Economy

State moves to secure prisons land from grabbers

Fred Matiang'i

Kenya's Interior Secretary Fred Matiang'i. PHOTO | NMG

The government will issue title deeds to all prisons in a bid to secure land targeted by grabbers.

Huge sections of land owned by the Kenya Prisons Service have been hived off illegally.

A report by the Ministry of Interior on the status of prisons land will be presented to the National Land Commission (NLC) for the registration process to begin.

Among the correctional facilities that have lost land to grabbers is Yatta GK Prison in Machakos County, where officials claim only a mere 15 acres is left.

Interior Secretary Fred Matiang'i says he was informed of the "shocking news" by the facility's commandant when he made a stopover after witnessing the opening of Kenya Certificate of Primary Education (KCPE) exam containers at the Kithimani Deputy County Commissioner's office in Machakos.

"The commandant was telling me this morning that they feel like squatters on land which was essentially their own. In Kapsabet, we are almost losing everything," he said.

The CS also visited Ruiru Prisons Staff Training College (PSTC), where he inspected the ongoing construction of Magereza referral hospital and met with the college's staff.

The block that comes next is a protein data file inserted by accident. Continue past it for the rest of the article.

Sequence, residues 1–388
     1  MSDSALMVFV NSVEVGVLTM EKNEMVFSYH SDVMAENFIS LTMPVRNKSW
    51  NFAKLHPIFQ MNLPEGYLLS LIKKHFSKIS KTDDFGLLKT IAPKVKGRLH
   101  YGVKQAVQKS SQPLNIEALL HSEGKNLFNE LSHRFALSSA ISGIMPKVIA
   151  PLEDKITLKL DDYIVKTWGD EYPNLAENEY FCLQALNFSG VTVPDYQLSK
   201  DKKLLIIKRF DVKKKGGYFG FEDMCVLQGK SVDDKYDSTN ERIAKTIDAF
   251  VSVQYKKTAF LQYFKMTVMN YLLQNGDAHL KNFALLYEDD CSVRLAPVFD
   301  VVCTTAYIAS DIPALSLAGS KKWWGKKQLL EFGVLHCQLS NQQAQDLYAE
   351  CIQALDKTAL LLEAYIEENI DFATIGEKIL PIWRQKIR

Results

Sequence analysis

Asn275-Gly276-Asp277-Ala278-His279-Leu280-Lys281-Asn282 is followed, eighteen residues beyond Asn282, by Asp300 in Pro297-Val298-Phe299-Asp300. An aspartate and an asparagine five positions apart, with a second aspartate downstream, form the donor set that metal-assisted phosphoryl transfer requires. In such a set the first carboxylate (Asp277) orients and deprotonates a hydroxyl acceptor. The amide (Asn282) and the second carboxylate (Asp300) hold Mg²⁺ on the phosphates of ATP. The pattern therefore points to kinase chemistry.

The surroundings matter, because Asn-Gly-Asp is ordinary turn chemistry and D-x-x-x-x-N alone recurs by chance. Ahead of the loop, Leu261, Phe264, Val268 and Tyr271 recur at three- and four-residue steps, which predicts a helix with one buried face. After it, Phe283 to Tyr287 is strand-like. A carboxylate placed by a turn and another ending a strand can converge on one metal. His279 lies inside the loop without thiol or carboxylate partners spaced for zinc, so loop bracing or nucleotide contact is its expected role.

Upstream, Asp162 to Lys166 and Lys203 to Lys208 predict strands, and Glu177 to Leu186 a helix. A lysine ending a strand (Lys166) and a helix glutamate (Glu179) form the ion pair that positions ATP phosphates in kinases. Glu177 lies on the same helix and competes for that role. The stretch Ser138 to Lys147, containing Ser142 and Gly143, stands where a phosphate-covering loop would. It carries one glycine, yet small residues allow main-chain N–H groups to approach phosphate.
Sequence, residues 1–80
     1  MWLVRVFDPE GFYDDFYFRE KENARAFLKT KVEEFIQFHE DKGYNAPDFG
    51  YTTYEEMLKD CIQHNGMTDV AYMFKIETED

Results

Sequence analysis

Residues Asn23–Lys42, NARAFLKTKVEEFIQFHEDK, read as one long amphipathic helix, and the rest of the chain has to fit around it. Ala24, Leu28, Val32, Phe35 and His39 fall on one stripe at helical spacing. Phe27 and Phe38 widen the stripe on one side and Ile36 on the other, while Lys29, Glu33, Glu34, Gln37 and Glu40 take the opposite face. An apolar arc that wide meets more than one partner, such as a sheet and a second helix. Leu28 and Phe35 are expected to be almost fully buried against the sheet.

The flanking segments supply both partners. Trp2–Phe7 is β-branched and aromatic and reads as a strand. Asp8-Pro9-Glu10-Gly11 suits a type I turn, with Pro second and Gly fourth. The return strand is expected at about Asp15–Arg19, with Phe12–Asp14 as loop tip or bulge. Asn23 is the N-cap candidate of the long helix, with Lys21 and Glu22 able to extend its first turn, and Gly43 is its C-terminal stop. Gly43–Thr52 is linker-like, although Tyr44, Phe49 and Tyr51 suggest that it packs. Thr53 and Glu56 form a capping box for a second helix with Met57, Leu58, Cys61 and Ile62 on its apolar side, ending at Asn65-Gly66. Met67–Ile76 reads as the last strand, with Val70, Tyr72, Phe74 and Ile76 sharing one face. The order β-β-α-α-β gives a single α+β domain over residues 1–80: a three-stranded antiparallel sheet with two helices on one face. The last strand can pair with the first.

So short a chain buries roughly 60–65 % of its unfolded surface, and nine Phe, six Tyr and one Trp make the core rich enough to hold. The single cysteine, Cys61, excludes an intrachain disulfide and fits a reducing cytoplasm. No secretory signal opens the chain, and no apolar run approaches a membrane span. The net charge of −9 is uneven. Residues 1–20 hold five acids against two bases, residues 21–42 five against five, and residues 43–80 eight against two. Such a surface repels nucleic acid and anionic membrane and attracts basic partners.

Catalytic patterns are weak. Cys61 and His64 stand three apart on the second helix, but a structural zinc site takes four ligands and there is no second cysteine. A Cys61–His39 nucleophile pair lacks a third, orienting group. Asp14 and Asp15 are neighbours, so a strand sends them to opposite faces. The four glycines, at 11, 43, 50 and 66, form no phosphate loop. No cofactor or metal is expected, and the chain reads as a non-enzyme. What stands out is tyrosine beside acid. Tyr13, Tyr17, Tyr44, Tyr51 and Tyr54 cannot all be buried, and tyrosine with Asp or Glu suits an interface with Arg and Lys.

"I normally like being very frank and levelling with the public. When you look at the list of the people who have stolen prisons land, it reads as persons who have been in charge of the prisons service before, either a minister, PS or commissioner-general. It is shameful," said Dr Matiang'i.

The Ruiru hospital, which is set for completion by June, and the National Police Referral Hospital in Mbagathi, are expected to boost healthcare service provision for security forces.

The military is constructing the two projects, which President Uhuru Kenyatta will launch.

Pending bills

Meanwhile, Dr Matiang'i said the government has cleared Sh3.4 billion worth of pending bills owed to prisons suppliers.

"Some of the bills that are left cannot actually be proved by those who are claiming them. This process has to be done within the law, and you have to convince the accountants that you supplied the goods for which you are claiming payments," he said.

Some claims are under investigation by the Ethics and Anti-Corruption Commission (EACC) and the Directorate of Criminal Investigations (DCI), he added.

"I have been shown a record this morning where about Sh980 million of the alleged pending bills cannot be proved by anybody. Those claiming them do not even have documents."

"This institution has come from a past of extreme abuse and we are not going to suck up to such abuses," said Dr Matiang'i.